Level 2 Authorised Ashtanga Teacher, Taylor Hunt, shares how his journey of ashtanga yoga evolved from a purely physical practice to a spiritual way of being.
Life is unpredictable. We humans like to believe that we’re in control of our lives, the environment and our destinies. The COVID-19 pandemic is a classic example of how untrue that belief system is. Yoga teaches us that our purpose is to be in sync with nature. When we become one with nature, we can tap into its infinite consciousness and be at peace with ourselves as well.
I’ve been travelling to Mysore to practise ashtanga at its source with Paramguru Sharath Jois and in addition to the wealth of knowledge I receive from him, it also gives me the opportunity to meet and interact with some of the best ashtanga teachers in the world. Level 2 Authorised Ashtanga Teacher, Taylor Hunt, is someone I admire and respect, and over the course of conversations with him, I am proud to say that he is now a dear friend. Taylor is one of those rare people who is in tune with nature and practises yoga in its purest form without ego or vanity. Read on and get to know more about him:
Sejal Gupta: What’s your definition of yoga?
Taylor Hunt: A spiritual practice that helps bring cessation to the fluctuations of the mind. That is my personal definition of yoga today. But, when I first started practising, it was only physical to me. To be honest, that was exactly what I needed it to be in the beginning. I worked so hard on the physical aspect in those early years. I only realised the true power of yoga after a couple of years when I saw how many layers I had shed and how easy going my mind had become. That is when I understood that yoga was less about the physical form and more about calming the mind. Over time, it eventually became a spiritual practice for me.
Sejal: How did India happen to you and what’s your relationship with Mysore?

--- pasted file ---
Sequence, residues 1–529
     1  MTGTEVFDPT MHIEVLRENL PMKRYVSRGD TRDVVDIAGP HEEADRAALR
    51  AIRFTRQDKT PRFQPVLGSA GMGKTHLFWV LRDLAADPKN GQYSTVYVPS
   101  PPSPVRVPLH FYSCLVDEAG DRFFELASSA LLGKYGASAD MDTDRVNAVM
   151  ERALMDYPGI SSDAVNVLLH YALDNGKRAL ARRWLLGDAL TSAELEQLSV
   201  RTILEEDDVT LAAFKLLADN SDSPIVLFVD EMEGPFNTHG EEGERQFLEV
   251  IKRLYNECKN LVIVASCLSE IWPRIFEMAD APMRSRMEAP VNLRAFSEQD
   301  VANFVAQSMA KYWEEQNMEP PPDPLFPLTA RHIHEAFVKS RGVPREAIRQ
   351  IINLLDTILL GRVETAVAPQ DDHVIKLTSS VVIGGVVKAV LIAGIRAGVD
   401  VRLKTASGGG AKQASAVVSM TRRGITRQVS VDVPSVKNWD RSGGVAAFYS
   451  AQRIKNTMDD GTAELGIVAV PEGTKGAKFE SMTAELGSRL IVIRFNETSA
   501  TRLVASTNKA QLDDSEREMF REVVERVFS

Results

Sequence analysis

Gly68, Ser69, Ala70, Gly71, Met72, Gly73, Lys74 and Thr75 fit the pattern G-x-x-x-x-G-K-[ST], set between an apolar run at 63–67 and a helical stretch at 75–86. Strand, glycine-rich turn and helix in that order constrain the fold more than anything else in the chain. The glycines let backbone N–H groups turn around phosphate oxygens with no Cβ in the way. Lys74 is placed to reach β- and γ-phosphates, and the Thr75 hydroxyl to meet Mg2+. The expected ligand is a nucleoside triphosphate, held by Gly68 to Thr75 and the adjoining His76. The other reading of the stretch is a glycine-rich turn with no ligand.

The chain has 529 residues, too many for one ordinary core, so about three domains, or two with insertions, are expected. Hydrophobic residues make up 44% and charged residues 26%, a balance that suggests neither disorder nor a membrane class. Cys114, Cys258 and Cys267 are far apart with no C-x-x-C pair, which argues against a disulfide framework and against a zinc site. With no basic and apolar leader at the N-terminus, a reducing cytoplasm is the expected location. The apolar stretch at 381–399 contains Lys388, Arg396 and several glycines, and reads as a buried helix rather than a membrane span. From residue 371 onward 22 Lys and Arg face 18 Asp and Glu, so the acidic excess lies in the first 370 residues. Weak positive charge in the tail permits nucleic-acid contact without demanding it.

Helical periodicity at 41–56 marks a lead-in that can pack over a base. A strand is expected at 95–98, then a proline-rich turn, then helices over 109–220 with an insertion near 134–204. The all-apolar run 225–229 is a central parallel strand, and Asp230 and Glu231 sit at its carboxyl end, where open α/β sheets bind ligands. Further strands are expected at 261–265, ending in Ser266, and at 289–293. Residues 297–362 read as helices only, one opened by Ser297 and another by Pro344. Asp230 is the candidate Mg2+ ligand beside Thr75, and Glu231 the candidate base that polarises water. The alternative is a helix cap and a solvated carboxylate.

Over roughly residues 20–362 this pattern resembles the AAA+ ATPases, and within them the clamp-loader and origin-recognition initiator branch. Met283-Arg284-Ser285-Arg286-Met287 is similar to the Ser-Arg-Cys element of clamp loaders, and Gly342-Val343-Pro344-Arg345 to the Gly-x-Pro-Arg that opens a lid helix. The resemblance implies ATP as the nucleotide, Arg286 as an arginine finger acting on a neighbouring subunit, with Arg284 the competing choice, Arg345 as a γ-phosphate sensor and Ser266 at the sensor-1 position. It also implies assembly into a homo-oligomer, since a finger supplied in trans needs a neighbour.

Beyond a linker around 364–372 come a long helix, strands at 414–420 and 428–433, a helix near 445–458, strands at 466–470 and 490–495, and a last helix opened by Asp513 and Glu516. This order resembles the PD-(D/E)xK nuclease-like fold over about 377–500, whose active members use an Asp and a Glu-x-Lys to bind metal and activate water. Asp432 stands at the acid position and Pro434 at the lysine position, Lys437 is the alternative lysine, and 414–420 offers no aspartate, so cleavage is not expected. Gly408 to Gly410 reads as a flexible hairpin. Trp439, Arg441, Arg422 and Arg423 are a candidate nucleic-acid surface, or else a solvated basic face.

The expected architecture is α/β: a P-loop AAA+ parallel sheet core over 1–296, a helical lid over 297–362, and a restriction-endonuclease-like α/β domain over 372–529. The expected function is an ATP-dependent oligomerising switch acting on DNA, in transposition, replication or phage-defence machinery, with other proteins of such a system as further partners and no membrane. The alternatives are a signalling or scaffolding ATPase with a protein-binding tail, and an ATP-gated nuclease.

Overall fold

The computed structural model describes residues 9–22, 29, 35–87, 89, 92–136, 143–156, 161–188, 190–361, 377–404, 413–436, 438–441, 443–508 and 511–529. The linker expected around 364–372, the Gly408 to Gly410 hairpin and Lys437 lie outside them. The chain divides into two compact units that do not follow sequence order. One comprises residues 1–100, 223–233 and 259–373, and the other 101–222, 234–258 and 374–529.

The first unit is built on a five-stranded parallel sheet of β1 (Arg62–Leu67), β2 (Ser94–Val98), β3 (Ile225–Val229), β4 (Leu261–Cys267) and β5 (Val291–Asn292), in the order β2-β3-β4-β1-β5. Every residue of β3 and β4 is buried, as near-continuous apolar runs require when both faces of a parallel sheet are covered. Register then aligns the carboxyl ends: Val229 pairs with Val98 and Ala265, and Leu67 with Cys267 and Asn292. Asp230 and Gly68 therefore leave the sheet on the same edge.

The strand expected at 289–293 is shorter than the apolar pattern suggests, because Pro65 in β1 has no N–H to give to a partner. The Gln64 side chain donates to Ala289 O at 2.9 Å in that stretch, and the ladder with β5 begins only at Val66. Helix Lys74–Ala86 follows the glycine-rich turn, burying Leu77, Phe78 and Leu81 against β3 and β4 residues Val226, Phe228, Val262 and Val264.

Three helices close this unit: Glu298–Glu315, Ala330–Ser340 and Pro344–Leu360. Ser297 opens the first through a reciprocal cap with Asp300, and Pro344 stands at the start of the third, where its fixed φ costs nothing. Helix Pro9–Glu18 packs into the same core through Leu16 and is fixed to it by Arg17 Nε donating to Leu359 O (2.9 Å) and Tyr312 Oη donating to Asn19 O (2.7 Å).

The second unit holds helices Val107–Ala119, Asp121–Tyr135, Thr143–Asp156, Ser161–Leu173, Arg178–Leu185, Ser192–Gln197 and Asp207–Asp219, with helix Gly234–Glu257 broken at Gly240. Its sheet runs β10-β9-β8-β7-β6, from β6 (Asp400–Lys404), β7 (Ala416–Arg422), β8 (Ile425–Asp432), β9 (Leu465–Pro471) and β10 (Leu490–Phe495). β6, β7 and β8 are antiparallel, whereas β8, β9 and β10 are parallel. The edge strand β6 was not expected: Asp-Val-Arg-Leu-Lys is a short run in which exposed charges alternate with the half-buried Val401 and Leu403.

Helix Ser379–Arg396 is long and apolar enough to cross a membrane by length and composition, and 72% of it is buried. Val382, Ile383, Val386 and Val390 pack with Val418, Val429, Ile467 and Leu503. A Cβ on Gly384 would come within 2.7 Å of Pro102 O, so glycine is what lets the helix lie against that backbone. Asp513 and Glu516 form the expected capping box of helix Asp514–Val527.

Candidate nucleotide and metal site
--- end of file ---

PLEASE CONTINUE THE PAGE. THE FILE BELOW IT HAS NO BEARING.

Taylor: India happened as a result of practicing with Paramguru Sharath Jois for the first time in New York. I remember feeling a deep sense of connection with him. One day after class, I had the opportunity to talk to him and asked him if I could go to Mysore. He said, “yes, of course.” I had already been feeling called to go for a couple of years. His response made me certain. My first trip was in 2010 and I stayed for six weeks.
Sejal: What made you choose ashtanga?
Taylor: I wouldn’t say that I chose ashtanga yoga. I would say that it chose me. I was six months sober when a woman I knew started trying to convince me to practice. I was very reluctant. But, she was persistent. It took her six tries to get me to a class. I didn’t really know what yoga was. I was new to sobriety and it was such a fragile time for me. I had watched countless friends die from the disease of drug addiction and I got very close to death myself. I nervously walked into my first yoga class skinny, weak and out of shape. I was the only man in a room full of women. I didn’t have the right mat or clothes. I had no idea what I was doing. I’d put so many needles into my arms during years of heroin use that I couldn’t do chaturanga. After doing half of the primary series, I was so tired and angry that I ran out of the class vowing to never go back. My sponsor convinced me to go back though and that was when the miracle happened. During my second class, I felt my life shift in a big way. After that practice was the first time I had ever felt love toward myself. And from that day, I never stopped.